SMA Patients at Risk of Metabolic Disorder Known as Ketoacidosis, Case Study Shows
Patients with spinal muscular atrophy (SMA) are at risk of developing the metabolic disorder ketoacidosis, a less recognized complication that is easy to treat, according to a case study.
Researchers behind the work, “Stress-Induced Ketoacidosis in Spinal Muscular Atrophy: An Under-Recognized Complication,” noted that testing for the condition, which is easily done with a blood sample, could save a patient from unnecessary over-investigation of their condition and inappropriate treatment. The work was published in the Journal of Neuromuscular Diseases.
Metabolism is the process by which cells produce energy.
Ketoacidosis is a metabolic condition that is usually seen in people who starve, have diabetes, or drink excessive amounts of alcohol.
The body produces ketone bodies to ensure that the brain gets enough energy when blood sugar levels are low. Under such circumstances, the body breaks down muscle tissue to generate energy, producing acidic compounds in the process.
Earlier research has shown that people with SMA and other neuromuscular diseases are at increased risk of ketoacidosis. This is likely brought about by a combination of reduced muscle mass, abnormal sugar and fat metabolism, and perhaps changes in hormone and nerve signaling.
Researchers at Dunedin Public Hospital in New Zealand said a 50-year-old man with SMA was brought to an emergency room because he was nauseous, vomiting, and experiencing stomach discomfort.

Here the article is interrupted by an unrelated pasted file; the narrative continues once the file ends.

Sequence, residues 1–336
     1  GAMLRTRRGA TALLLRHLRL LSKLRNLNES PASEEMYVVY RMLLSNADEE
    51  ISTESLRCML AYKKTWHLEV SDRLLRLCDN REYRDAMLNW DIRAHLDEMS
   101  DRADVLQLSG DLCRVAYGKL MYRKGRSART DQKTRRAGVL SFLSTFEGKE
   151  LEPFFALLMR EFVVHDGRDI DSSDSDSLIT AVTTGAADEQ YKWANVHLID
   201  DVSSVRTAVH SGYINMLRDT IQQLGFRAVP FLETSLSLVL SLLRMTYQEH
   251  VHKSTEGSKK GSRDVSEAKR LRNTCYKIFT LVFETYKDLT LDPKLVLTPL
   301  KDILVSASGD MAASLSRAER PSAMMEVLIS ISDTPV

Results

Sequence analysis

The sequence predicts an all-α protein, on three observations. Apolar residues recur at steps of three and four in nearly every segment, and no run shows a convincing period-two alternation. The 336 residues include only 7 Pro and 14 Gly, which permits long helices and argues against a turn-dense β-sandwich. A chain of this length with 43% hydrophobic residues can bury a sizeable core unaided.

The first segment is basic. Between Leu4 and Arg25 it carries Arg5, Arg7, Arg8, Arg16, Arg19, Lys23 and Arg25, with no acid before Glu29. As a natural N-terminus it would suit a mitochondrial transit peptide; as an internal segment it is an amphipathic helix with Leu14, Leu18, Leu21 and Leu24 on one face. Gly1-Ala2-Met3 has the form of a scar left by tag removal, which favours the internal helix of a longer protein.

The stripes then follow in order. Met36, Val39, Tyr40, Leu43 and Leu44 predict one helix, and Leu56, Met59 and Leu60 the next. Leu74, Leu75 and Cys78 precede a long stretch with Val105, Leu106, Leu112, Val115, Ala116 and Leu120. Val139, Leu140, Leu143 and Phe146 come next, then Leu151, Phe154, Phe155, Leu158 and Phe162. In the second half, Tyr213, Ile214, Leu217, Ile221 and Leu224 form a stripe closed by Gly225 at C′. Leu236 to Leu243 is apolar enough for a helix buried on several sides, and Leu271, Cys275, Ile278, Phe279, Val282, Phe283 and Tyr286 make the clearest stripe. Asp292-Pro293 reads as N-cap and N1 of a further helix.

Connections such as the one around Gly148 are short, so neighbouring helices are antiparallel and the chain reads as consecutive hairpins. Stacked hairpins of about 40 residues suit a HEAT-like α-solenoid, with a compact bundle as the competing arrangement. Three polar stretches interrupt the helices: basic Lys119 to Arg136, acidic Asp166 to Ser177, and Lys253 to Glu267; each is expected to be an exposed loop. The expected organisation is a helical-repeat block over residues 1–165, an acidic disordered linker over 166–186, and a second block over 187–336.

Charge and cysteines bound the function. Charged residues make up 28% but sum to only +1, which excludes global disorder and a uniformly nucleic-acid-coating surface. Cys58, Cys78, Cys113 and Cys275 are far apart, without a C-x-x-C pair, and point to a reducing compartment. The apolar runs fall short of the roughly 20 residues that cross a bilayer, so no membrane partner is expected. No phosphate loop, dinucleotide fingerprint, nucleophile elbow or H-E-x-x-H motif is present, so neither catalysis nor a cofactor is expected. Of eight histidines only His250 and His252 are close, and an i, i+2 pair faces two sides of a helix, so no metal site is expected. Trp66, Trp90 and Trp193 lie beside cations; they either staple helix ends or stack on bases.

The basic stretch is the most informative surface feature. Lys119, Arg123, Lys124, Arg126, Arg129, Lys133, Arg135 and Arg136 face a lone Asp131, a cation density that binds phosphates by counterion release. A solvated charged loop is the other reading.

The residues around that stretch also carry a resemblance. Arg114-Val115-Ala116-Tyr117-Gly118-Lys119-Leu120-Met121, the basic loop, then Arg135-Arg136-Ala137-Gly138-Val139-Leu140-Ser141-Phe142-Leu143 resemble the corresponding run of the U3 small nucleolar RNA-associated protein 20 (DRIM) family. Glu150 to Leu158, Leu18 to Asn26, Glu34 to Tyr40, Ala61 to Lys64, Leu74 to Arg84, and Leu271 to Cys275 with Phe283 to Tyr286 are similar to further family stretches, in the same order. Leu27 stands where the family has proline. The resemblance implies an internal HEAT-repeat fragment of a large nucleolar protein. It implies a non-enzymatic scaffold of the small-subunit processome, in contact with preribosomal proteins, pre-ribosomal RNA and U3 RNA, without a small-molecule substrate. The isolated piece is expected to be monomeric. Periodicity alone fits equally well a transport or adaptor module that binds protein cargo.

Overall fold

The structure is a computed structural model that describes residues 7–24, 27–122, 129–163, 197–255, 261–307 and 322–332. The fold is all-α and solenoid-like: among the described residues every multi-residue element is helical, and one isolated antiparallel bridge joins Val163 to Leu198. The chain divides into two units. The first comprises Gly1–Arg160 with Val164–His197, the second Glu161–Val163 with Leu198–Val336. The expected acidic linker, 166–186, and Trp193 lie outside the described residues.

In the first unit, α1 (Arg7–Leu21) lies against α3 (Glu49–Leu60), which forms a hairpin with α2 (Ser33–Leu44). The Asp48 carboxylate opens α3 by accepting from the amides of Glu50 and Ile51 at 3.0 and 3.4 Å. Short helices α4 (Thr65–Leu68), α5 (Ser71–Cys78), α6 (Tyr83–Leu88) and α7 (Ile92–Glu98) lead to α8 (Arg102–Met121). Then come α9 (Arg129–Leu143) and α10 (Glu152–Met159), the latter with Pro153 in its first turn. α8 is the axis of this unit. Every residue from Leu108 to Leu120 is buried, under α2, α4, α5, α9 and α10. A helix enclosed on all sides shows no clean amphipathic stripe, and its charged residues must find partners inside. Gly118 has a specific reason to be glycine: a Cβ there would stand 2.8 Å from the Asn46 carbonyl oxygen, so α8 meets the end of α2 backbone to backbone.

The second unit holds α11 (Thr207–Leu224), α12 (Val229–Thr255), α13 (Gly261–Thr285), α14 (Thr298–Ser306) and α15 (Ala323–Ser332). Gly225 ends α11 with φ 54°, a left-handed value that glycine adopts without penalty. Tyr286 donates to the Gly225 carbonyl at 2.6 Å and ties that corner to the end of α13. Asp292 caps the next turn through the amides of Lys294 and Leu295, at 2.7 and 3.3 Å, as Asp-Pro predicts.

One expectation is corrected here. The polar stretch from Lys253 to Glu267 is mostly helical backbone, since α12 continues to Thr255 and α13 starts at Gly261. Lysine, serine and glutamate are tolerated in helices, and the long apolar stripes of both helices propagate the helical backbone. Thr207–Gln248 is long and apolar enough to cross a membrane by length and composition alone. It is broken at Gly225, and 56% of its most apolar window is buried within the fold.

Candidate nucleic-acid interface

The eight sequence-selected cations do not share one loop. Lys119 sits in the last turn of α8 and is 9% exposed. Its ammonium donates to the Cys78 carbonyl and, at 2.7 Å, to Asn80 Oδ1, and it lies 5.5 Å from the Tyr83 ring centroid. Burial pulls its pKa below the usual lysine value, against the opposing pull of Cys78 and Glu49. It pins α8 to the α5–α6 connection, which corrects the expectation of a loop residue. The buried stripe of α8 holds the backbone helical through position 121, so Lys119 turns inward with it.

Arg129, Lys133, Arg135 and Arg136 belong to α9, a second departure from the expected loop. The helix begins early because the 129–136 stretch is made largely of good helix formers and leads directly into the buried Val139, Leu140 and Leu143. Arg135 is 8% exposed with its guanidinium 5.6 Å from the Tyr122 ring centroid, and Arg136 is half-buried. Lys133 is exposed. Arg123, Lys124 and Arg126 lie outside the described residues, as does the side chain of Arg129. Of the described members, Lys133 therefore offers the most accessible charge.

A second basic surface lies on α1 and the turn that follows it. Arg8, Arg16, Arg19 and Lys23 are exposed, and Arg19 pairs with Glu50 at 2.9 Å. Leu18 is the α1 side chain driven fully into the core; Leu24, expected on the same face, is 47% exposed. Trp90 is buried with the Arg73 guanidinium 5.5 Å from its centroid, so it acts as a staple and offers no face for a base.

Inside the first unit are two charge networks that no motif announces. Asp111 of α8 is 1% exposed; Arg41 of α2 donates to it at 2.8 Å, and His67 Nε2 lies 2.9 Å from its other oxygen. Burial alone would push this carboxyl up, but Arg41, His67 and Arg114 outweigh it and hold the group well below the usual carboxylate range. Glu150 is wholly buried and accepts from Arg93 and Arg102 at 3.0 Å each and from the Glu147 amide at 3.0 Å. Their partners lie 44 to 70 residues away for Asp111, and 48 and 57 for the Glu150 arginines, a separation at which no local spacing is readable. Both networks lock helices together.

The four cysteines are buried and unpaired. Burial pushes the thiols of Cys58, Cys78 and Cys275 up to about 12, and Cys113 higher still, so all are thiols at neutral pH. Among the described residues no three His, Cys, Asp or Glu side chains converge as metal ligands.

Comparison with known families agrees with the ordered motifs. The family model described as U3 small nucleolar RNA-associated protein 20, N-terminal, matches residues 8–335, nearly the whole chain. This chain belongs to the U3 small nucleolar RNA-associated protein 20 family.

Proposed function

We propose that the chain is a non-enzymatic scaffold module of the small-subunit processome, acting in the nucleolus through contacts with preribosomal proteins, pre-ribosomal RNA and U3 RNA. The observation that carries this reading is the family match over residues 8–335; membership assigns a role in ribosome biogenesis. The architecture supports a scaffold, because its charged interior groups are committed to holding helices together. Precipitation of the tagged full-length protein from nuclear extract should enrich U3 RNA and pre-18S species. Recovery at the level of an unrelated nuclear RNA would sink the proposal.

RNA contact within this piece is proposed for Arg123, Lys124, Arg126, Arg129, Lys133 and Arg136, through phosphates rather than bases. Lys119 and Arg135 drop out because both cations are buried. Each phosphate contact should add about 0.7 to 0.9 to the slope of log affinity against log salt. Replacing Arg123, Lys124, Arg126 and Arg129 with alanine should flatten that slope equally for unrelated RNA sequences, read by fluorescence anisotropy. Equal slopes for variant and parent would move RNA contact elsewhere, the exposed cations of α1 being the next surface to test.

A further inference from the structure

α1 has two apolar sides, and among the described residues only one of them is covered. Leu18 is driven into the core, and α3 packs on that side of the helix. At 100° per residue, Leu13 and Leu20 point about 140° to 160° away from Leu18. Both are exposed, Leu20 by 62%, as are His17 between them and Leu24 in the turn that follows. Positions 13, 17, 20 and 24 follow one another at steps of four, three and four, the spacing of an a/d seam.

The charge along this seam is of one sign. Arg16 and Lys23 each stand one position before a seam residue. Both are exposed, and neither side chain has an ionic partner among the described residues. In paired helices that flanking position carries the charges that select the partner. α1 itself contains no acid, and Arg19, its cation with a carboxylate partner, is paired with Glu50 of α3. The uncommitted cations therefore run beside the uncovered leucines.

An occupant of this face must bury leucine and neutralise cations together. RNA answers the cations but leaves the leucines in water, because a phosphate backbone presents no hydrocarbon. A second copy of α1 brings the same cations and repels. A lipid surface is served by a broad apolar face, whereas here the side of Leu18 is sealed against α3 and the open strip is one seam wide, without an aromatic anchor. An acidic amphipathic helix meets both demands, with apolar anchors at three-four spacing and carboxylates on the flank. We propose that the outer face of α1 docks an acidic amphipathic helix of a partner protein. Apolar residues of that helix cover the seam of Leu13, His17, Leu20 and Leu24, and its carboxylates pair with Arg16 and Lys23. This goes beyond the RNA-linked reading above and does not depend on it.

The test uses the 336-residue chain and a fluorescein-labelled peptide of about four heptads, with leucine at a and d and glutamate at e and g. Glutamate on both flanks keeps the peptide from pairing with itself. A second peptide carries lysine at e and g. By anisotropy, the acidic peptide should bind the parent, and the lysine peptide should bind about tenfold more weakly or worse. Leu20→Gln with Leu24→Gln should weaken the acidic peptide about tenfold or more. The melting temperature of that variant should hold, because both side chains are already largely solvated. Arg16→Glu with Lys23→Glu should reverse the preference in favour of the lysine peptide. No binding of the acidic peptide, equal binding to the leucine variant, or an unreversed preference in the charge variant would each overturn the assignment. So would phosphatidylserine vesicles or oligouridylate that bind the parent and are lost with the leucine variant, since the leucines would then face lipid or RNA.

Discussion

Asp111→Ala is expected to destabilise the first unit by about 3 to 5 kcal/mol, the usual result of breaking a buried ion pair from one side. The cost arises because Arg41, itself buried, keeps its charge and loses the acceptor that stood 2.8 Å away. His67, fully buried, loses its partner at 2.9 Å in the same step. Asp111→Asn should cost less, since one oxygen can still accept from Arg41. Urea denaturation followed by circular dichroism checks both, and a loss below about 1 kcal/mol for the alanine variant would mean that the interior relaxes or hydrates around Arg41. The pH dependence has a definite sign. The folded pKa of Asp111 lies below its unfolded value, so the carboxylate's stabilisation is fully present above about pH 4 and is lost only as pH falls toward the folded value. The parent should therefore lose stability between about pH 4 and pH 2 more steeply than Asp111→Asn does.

He had SMA type 2, with substantial loss of muscle, so he needed assistance with daily activities. Although unable to walk, he could feed himself. He also had marked respiratory muscle weakness.
Two days earlier, he was treated for a suspected urinary tract infection after having difficulty urinating. A blood test showed he had severe ketoacidosis and slightly lower blood glucose than normal.
The man received intravenous dextrose sugar and ceftriaxone antibiotic for the urinary tract infection. The next morning, his blood pH and sugar levels were back to normal.
The physicians learned he had suffered a similar episode five years earlier. Routine blood testing after sinus surgery had revealed severe ketoacidosis, which responded well to treatment.
“Episodes of ketoacidosis in SMA patients occur when several factors converge to create a perfect storm of metabolic instability,” the researchers wrote, indicating that the condition can develop during periods of bodily stress.
Realizing that SMA patients are at risk for the metabolic disturbance might save them from unnecessary suffering, the researchers said.